YMGTA #42 – Fall Compilations 2006 – present

“Live in Zagbreb”

Front cover

Introduction
This third and final round-up of the bewildering world of Fall compilations covers all of the releases that followed 2005’s The Complete Peel Sessions 1978-2004.

As was the case with the previous two instalments, it’s a very mixed bag in terms of value for money, and I will be using the same A-E grades as I did in the previous two posts (1981-1998 and 1999-2004):

A Worthwhile purchase, even for those who just have a few Fall albums
B Contains enough interesting material to make it worth a few quid to the more than casual Fall fan; or serves as a useful introduction to the inexperienced
C A few aspects of interest, but only for the really committed who have all of the ‘proper’ stuff already
D Only of interest to the really hardcore completist
E Even the hardcore completist should think long and hard before parting with cash

Permanent Years (Paranoia Man In Cheap Sh*t Room)
Released 22 May 2006 on Fulfill Records (CD only)

Image result for The Fall ‎– Permanent Years (Paranoia Man In Cheap Sh*t Room)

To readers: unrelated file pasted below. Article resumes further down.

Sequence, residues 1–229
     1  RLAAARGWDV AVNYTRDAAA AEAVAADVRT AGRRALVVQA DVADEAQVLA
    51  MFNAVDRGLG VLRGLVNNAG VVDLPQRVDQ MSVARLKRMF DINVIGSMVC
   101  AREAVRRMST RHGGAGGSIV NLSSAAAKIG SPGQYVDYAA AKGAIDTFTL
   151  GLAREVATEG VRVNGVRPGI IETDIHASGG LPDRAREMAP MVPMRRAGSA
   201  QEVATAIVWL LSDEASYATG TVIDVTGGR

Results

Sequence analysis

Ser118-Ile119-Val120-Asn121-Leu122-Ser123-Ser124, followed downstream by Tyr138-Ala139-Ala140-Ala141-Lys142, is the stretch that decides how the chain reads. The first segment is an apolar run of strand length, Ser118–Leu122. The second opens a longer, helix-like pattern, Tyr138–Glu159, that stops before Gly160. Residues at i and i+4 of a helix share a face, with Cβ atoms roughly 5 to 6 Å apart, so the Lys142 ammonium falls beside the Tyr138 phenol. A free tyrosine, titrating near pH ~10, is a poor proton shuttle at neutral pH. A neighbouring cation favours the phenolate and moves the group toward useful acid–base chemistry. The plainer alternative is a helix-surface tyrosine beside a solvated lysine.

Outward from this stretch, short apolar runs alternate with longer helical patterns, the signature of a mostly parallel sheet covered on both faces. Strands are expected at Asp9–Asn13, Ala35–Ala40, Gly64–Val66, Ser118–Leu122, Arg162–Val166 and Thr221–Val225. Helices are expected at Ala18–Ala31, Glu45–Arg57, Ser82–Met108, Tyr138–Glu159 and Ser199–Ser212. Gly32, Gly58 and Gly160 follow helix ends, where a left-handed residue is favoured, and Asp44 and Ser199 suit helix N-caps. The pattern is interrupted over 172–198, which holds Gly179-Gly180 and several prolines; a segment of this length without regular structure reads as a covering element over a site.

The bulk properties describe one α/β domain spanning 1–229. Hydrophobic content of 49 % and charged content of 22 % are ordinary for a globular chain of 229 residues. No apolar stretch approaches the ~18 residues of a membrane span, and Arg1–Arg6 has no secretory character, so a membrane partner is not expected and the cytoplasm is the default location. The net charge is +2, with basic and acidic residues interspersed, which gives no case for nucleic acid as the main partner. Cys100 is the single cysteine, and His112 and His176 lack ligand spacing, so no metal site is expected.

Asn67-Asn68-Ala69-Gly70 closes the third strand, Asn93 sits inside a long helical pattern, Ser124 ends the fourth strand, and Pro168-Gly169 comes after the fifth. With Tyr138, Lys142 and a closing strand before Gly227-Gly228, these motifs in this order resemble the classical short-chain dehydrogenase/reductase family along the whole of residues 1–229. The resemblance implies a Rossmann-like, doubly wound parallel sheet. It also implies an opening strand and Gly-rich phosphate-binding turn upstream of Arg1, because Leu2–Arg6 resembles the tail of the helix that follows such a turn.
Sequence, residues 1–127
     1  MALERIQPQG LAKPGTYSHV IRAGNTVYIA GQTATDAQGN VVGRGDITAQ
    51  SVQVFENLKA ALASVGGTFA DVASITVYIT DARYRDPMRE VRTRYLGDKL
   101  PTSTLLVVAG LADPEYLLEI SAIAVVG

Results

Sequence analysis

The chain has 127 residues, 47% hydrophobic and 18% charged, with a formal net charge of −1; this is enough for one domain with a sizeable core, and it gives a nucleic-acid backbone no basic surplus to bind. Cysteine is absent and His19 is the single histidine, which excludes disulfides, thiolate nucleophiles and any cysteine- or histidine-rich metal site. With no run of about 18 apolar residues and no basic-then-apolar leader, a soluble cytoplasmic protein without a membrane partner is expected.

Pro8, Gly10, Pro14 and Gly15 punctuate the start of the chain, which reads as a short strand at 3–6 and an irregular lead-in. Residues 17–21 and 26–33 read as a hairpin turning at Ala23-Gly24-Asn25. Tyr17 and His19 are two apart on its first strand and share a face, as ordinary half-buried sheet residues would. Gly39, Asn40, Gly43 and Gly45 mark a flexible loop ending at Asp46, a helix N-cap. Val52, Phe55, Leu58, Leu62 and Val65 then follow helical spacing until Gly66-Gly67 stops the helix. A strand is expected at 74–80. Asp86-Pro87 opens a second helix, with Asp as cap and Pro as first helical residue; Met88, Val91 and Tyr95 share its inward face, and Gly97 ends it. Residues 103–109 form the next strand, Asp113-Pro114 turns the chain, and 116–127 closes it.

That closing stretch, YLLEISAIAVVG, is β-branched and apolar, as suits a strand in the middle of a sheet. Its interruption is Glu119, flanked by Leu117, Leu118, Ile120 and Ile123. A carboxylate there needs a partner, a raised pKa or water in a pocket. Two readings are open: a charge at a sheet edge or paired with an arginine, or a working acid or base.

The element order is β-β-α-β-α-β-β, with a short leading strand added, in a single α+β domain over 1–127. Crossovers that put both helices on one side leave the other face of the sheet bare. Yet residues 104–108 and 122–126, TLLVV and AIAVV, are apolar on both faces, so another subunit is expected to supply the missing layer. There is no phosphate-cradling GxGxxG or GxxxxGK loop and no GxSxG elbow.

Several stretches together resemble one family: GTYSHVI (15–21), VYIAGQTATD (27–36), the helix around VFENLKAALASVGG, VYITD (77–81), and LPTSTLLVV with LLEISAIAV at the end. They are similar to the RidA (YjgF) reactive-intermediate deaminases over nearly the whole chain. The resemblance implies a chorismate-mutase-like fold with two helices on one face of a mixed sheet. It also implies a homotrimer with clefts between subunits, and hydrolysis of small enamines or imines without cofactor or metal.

An 18-song compilation of tracks from the mid-90s; all but two were just album tracks drawn from The Infotainment Scan, Middle Class Revolt, Cerebral Caustic and The Twenty-Seven Points. The remaining two, The Remixer and Cab Driver had appeared earlier in 2006 on the reissues of Infotainment and MCR, so this release didn’t contain anything new.

The cover art work is quite pleasant, although the thinking behind it is unclear; it certainly doesn’t look like a typical Fall cover. Perhaps it’s just meant to be a representation of a cheap sh*t hotel room?

The only thing that it has going for it is that it might lead someone previously unaware of its magnificence to the relatively obscure gem that is Noel’s Chemical Effluence. The inclusion of two of Smith’s little spoken-word interludes from The Twenty-Seven Points is a little baffling though.